NEW DELHI: Documents related to the Rafale deal were published in public interest and nobody would get any information from The Hindu newspaper on the confidential sources who provided them, The Hindu Publishing Group Chairman N Ram said on Wednesday.
The documents were published because details were withheld or covered up, the veteran journalist said as the government told the Supreme Court that documents related to the Rafale aircraft deal have been stolen from the Defence Ministry and an investigation into the theft is on.
"You may call it stolen documents. We are not concerned. We got it from confidential sources and we are committed to protecting these sources. Nobody is going to get any information from us on these sources. But the documents speak for themselves and the stories speak for themselves," Ram said. He has written a series of articles on the Rafale deal, the latest one on Wednesday.
Those who put documents on the Rafale deal in the public domain are guilty under the Official Secrets Act and contempt of court, Attorney General K K Venugopal said on Wednesday before a bench hearing a batch of petitions seeking a review of the court's verdict dismissing all the pleas against the agreement on the fighter jet.
"I will not comment on the proceedings of the Supreme Court. But whatever we have published has been published. They are authentic documents. And they have been published in the public interest because these details have been withheld or covered up," Ram said.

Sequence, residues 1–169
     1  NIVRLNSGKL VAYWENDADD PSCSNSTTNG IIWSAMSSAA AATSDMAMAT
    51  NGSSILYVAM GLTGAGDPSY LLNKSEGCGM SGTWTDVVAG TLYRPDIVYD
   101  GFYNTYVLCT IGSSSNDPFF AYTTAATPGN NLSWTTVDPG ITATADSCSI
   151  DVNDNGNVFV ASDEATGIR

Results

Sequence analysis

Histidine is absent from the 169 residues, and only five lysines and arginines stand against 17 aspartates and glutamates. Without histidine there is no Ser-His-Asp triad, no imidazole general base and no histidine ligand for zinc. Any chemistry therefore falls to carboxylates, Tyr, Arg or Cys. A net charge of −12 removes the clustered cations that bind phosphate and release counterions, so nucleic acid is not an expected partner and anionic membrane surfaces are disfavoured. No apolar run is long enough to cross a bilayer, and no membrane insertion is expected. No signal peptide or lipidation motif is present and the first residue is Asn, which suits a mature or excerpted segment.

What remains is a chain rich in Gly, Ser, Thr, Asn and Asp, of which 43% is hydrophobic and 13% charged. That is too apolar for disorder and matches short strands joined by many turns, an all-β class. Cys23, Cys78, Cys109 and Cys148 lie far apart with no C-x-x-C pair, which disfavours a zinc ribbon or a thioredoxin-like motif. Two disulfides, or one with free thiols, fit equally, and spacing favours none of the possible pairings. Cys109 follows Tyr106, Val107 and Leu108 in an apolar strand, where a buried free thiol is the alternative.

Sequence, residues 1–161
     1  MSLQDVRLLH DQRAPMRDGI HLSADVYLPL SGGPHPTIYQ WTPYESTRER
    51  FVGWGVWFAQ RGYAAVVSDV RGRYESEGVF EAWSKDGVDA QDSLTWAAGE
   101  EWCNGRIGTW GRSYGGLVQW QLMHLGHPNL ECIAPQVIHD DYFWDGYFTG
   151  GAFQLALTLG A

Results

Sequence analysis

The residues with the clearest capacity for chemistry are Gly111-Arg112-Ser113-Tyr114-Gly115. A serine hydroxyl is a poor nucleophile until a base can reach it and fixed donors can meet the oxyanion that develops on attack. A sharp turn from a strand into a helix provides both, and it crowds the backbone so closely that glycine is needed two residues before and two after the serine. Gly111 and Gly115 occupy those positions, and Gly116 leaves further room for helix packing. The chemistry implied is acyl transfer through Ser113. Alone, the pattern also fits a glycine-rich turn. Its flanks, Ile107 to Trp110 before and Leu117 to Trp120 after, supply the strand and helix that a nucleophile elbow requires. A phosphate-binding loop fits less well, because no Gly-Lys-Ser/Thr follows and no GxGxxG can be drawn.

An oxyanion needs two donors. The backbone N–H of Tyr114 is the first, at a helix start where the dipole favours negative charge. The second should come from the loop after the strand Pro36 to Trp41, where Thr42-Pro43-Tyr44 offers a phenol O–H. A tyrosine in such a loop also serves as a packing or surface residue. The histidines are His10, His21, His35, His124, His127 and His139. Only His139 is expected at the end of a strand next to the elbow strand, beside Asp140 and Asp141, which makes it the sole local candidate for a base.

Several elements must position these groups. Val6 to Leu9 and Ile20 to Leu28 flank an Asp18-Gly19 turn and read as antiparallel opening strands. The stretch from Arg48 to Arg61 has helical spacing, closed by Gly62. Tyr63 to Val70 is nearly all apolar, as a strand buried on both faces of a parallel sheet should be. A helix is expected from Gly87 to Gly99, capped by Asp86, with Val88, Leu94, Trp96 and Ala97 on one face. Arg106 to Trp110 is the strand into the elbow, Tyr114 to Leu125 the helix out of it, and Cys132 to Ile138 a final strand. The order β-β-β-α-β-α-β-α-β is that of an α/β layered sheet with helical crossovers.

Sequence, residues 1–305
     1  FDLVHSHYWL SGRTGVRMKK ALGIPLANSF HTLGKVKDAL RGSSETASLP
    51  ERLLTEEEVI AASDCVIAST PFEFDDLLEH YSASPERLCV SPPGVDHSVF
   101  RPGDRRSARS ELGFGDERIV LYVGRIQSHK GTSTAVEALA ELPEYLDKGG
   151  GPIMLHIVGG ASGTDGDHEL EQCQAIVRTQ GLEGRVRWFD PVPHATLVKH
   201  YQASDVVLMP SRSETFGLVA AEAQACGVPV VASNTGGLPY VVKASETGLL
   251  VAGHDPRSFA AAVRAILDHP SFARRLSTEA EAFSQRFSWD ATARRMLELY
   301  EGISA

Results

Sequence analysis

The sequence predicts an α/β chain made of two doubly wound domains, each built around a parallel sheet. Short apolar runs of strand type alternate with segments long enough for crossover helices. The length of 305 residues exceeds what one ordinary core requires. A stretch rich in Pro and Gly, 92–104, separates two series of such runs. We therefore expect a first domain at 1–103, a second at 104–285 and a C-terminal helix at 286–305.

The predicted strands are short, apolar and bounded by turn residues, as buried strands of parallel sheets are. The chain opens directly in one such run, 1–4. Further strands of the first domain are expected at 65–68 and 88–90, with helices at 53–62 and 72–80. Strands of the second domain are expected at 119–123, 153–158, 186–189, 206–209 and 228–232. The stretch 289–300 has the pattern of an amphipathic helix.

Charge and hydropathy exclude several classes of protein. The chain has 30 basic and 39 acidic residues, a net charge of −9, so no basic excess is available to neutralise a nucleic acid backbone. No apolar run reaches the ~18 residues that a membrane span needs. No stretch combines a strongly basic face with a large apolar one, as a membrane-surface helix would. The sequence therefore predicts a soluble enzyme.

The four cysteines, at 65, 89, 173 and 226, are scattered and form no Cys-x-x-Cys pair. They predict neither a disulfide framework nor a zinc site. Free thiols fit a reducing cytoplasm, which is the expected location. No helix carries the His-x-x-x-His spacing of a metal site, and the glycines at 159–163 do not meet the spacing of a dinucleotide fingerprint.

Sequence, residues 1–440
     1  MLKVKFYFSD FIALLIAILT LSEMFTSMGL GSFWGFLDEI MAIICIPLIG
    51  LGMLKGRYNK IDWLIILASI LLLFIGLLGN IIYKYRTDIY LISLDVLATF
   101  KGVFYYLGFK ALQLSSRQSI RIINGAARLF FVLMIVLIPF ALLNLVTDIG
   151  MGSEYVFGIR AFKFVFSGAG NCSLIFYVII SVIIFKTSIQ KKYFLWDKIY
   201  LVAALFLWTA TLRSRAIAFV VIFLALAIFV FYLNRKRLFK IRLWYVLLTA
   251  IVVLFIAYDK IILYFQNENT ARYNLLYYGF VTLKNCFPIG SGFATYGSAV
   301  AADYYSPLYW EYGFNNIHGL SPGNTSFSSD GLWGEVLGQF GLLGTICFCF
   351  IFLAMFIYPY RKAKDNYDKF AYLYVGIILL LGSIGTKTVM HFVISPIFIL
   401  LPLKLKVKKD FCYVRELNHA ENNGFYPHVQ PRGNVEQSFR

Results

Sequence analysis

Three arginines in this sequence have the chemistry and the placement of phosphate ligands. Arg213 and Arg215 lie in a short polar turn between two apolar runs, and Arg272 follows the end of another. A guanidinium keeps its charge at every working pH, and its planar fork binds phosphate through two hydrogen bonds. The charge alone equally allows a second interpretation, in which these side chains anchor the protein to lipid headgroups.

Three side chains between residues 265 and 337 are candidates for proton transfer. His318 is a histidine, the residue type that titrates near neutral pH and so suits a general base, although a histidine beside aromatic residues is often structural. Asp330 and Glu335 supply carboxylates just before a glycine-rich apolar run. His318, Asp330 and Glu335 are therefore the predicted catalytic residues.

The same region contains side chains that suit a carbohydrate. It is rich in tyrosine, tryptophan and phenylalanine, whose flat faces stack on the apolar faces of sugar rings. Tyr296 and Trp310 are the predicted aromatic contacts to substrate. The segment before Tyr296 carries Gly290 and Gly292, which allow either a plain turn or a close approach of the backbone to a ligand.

"It is the duty of the press - through investigative journalism - to bring out relevant information or issues of great importance for the public interest," he added.
On February 8, Ram wrote in The Hindu that the Defence ministry raised strong objections to "parallel discussions" conducted by the PMO (Prime Minister's Office) during the negotiations over the Rs 59,000 crore Rafale deal between India and France.
It was allegedly based on government documents related to Rafale deal.
"What we have done is completely protected under article 19 (1) (a) of the Indian constitution - freedom of speech and expression - and also under the relevant sections of the Right to Information Act, specifically, its section 8 (1) (i) and section 8 (2), which clearly protects this," Ram said.